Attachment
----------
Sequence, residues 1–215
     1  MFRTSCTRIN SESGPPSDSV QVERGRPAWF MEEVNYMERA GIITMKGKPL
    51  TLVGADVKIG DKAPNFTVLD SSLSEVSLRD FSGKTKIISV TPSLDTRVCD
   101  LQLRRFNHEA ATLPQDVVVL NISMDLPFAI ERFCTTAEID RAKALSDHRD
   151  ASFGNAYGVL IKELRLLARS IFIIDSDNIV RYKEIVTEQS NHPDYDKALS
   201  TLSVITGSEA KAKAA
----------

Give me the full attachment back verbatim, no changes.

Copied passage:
Sequence, residues 1–215
     1  MFRTSCTRIN SESGPPSDSV QVERGRPAWF MEEVNYMERA GIITMKGKPL
    51  TLVGADVKIG DKAPNFTVLD SSLSEVSLRD FSGKTKIISV TPSLDTRVCD
   101  LQLRRFNHEA ATLPQDVVVL NISMDLPFAI ERFCTTAEID RAKALSDHRD
   151  ASFGNAYGVL IKELRLLARS IFIIDSDNIV RYKEIVTEQS NHPDYDKALS
   201  TLSVITGSEA KAKAA